In summary, both, altitude and rest days affect the Homecourt advantage (HCA) and they interact with one another. Average HCA is at 59.9%. Altitude is directly proportional to HCA. Rest days are a little stranger. Altitude directly interacts with rest. Denver and Utah kill teams at home if they have a rest edge but they get killed themselves if the other team is coming in with at least a two day rest edge.

It just so happens that this kinda adds up. Apply that to a regular season played by identical clones and you get:

So if I assume all teams are equal, Utah and Denver both get a 10% boost in winning percentage when they play at home. This is good for four extra wins a season versus the average.

Strength of Schedule

Simple logic here. The Washington Wizards (hi Ted!!) are not the Miami Heat, or even the Chicago Bulls, or the Sixers for that matter. Wait, I’m getting a little ahead of my self.

All wins are not created equal. Opponents matter. We will account for that. A typical NBA schedule (I used 2010 here) confers Home court as follows over the course of a whole season:

So Utah and Denver get a four point edge over the Lakers,Clippers,Mavs, Rockets,Wizards, Warriors and Celts. This advantage goes away for the most part in the playoffs.

Some of those playoff losses make a wee bit more sense

The Rankings as of 1/11/2012

So, Point Margin, check, Homecourt check, Strength of schedule check. Are we missing anything?

Of course, the game data. God Bless Basketball Reference.

Now let’s put this all together an make a ranking. I will wok out the following numbers:

  • Point Margin per Game: Pts scored by team -Pts scored by opponent divided by games played
  • Home court Point Margin per Game: Point Margin per game due to the schedule and homecourt advantage.
  • Adjusted Point Margin per Game: Point Margin per Game -Home court Point Margin per Game. Schedule independent point margin (neutral site at sea level)
  • Adjusted Opponent Point Margin: The average Point Margin per Game of a teams opponents.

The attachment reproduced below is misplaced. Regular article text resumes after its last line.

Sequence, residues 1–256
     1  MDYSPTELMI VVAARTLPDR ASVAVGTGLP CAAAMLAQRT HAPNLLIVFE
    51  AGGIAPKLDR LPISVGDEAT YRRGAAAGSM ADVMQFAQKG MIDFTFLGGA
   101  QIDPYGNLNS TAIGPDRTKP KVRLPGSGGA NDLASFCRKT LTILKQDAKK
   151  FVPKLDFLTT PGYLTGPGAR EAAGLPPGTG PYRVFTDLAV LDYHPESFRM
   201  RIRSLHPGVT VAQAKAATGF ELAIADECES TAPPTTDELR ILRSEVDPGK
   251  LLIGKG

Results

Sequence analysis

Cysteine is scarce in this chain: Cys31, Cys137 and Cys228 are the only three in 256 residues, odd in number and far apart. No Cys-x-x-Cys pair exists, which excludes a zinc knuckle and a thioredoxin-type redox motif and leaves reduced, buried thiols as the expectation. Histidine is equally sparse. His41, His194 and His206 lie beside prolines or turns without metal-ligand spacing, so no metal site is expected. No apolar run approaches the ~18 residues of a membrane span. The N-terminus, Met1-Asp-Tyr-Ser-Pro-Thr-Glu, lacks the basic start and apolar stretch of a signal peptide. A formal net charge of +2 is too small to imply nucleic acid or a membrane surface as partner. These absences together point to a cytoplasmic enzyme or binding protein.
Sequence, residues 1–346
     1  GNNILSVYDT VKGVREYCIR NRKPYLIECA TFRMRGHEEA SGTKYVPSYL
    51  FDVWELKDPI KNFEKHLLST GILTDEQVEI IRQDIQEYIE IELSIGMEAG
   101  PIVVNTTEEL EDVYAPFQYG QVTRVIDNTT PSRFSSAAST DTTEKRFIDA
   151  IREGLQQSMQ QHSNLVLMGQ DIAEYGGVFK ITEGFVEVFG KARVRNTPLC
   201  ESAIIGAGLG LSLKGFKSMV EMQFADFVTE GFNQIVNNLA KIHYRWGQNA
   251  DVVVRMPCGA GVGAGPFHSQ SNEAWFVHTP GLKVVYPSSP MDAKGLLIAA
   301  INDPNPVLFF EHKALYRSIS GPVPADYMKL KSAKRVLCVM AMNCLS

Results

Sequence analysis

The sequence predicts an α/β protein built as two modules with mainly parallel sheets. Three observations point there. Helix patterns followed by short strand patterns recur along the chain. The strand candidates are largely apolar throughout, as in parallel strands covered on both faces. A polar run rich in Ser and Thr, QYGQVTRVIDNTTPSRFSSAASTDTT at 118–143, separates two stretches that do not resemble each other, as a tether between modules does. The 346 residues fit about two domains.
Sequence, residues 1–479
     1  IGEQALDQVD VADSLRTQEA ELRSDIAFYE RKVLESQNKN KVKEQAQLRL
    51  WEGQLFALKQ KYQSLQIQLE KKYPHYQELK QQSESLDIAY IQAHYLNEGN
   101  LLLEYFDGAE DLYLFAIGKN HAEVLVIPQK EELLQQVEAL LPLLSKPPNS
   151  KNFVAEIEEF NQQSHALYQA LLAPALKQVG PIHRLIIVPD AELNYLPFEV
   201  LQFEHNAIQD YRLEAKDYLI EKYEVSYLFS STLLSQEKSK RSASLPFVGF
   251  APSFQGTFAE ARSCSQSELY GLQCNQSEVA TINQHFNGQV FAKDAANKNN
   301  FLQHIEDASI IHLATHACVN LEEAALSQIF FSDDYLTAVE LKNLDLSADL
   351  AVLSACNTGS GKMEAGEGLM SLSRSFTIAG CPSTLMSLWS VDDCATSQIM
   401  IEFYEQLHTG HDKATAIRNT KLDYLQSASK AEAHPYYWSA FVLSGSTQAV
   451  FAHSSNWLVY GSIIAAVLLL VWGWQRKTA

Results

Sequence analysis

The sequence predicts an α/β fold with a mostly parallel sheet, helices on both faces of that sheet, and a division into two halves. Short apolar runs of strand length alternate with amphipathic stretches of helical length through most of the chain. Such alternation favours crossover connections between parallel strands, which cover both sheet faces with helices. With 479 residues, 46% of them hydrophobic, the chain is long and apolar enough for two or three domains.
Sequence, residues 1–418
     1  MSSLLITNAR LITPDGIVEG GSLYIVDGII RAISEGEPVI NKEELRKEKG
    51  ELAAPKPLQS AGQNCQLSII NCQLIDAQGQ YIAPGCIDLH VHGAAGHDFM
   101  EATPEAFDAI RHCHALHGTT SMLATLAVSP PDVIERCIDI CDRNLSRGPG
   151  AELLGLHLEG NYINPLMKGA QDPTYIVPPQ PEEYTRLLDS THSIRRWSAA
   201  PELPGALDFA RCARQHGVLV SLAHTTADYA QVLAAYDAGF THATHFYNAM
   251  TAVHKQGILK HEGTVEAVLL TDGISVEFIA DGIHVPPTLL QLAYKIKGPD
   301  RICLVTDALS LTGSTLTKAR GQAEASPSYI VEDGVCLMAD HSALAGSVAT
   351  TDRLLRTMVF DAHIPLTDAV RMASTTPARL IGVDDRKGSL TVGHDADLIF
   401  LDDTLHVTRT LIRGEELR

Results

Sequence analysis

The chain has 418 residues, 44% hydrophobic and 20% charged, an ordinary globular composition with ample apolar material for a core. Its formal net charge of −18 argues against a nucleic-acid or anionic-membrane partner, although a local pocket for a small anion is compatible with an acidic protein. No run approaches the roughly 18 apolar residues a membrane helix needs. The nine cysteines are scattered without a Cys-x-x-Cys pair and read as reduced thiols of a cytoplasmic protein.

• Real Point Margin (RPM): Point Margin per Game -Home court Point Margin per Game +Adjusted Opponent Point Margin. Expected Point Margin at a neutral site against perfectly average opposition. This is the Number I use to rank.
  • Neutral Site Win % : RPM/31 + .500

This is meant as a measure of just how strong each team projects based on the data of the season to date . We still need to account for injuries and incorporate what we know of player historical performance. We will address this in a, say it with me, future post.

A few notes:

  • The Sixers look totally legit by any definition. They in fact form a tight group of three (Philly, Chicago and Miami) at the top that must be considered the favorites for the title at this point.
  • Atlanta is the only eastern team in the 2nd tier with Portland, the Lakers, Clippers, Nuggets and Thunder in a logjam out west. Denver, with their unfair advantage, has a stellar shot at the #1 seed out west (barring acts of god or George Karl).
  • The bottom of the East is putrid. Memphis, the second worse team in the West would be the 7th in the East.
  • Some playoff teams from 2011 that look cooked: Hornets, Grizzlies and my beloved Celts.

And before we go, let’s attempt to add the effect of schedule back in to the equation:

As always, the schedule breaks greatly in favor of the Nuggets who look good for the #1 seed in the West. Keep in mind I’m using older schedules for this. Special accounting will have to be done for this season.

In the future, of course. The very uncertain future.

A future where this just might be a critical playoff matchup.